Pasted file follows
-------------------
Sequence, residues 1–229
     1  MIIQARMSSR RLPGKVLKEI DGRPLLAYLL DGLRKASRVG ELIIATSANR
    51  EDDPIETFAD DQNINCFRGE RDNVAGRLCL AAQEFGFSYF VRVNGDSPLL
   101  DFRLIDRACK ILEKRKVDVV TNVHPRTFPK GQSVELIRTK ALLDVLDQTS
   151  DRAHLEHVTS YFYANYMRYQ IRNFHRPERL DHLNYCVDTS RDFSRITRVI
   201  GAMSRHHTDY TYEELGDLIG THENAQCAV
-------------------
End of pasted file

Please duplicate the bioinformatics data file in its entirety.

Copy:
Sequence, residues 1–229
     1  MIIQARMSSR RLPGKVLKEI DGRPLLAYLL DGLRKASRVG ELIIATSANR
    51  EDDPIETFAD DQNINCFRGE RDNVAGRLCL AAQEFGFSYF VRVNGDSPLL
   101  DFRLIDRACK ILEKRKVDVV TNVHPRTFPK GQSVELIRTK ALLDVLDQTS
   151  DRAHLEHVTS YFYANYMRYQ IRNFHRPERL DHLNYCVDTS RDFSRITRVI
   201  GAMSRHHTDY TYEELGDLIG THENAQCAV